This is not one of my usual blogs, but I have been thinking about the topic of intimacy for a long time.
I believe that true intimacy involves mindfulness and being present and still in someone else’s company. Being totally present when another person is expressing their emotions. Ceasing all judgement. Not making comments while the person is speaking. Not even asking questions.
You may not understand something but that doesn’t matter because it is an emotion that the person is expressing. You are listening non-judgementally and you are keeping a safe space for them.
This sounds a little similar to mindfulness, doesn’t it?
Do you do this?
Female friends are often regarded as being great at doing this, and they mostly are. However, my recent experiences with some female friendships taught me that we can make mistakes. And for whatever reason, we struggle to sit with another person’s emotional vulnerability, in particular their pain.
Recently, a dear friend of mine died after suffering from a long illness. I wasn’t able to see her before her death and only found out her health had been deteriorating when she was admitted to palliative care. By this time, we were in stage four lockdown in Victoria, Australia and visitors were limited to family.
My friend had been in hospital, but I didn’t know and so I missed my last chance of seeing her. I sent her a goodbye message via text as I was told that was all she could handle and she didn’t want numerous people calling her. This is very understandable, but at the time of her passing I was sad that I missed a final goodbye.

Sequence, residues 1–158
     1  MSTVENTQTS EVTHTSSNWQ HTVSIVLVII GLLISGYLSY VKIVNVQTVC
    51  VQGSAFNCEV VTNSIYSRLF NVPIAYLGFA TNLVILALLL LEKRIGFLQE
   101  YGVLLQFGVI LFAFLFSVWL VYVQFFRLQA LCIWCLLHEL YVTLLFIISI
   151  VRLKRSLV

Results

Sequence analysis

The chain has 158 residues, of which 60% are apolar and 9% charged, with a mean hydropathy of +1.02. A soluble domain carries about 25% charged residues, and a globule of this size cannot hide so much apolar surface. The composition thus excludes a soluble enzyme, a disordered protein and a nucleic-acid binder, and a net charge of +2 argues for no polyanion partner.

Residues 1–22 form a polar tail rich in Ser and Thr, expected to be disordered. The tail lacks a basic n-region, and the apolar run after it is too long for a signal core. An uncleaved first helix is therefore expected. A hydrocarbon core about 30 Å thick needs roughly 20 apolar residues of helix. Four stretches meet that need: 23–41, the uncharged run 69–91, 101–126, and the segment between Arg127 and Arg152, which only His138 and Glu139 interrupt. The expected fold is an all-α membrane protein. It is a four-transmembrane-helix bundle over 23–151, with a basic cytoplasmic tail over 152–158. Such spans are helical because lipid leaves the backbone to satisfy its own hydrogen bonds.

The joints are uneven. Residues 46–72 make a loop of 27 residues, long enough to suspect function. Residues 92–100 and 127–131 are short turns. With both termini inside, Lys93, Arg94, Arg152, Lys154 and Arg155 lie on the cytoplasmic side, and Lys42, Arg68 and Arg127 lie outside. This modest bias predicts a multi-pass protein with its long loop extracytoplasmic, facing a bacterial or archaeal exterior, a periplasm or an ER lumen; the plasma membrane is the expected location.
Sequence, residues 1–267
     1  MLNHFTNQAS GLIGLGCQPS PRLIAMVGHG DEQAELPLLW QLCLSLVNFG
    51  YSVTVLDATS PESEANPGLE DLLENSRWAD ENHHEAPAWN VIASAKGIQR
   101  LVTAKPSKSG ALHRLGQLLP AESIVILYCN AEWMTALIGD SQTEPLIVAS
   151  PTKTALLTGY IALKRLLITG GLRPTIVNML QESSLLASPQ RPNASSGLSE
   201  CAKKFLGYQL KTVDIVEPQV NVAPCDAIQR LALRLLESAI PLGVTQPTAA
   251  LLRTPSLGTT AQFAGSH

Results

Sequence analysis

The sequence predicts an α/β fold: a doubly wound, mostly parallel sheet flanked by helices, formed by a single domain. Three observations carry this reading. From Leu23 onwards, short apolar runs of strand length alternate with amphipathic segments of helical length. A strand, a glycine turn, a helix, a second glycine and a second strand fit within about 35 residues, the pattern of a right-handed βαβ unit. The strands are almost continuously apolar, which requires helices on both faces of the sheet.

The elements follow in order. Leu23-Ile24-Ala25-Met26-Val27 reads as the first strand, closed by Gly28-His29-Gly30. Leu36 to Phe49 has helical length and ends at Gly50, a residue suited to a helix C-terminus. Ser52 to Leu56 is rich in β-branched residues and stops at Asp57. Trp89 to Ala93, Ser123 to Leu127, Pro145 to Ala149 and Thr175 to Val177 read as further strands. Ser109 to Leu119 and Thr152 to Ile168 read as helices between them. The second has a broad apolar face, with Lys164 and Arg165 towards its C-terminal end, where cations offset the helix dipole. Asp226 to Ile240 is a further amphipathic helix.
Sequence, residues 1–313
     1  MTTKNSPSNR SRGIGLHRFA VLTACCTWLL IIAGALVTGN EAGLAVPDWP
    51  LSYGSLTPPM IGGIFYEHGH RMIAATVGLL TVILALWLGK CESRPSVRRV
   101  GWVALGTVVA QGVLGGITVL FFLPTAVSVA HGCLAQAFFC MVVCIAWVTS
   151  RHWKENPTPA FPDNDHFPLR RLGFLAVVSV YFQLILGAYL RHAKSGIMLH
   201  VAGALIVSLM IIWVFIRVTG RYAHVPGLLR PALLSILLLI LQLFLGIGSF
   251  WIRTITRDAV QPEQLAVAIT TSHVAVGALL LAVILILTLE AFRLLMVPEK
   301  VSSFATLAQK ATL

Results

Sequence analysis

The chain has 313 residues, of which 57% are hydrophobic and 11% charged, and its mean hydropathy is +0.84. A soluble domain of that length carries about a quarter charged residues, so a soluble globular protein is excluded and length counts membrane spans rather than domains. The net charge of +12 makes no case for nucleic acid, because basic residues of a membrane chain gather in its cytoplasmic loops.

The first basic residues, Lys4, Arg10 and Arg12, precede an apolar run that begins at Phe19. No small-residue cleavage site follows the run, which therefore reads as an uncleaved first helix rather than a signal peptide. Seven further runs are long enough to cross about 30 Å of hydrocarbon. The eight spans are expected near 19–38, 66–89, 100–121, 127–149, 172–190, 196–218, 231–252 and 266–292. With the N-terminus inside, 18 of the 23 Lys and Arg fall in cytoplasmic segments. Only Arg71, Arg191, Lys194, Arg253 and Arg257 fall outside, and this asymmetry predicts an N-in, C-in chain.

One day, I was chatting to another female friend about this and explaining my sadness. In the middle of the conversation, she interrupted me with questions like, ‘How long was she sick for?’ and ‘What cancer did she have?’ And the final prying question, ‘How old was she?’
This questioning impeded upon the depth of the information I was expressing and reduced the conversation to one about the benign facts. The benign questions also said to me that what I was sharing wasn’t worth listening to, or that what I was sharing wasn’t important because what she wanted to know was more important.
I’m not very good at remembering details and I had forgotten when my friend had been diagnosed or for how long she had been sick. I do remember the shock she had experienced when was first diagnosed, the anger towards her doctor who had failed to recognise her symptoms, her fight and her emotional growth as she moved from trying to understand why this was happening to acceptance. At one point I even forgot what her diagnosis was.
Did I ask my friend what her diagnosis was each time we met up? Of course not. I sat with her throughout her journey and allowed her to express herself emotionally. We meditated together. We laughed together. Her diagnosis wasn’t important anymore.
I am not writing this article to have a go at anyone. We all struggle with intimacy at different times in our lives. We all have personal issues and our emotional availability is limited at times. I have no doubt I make mistakes too.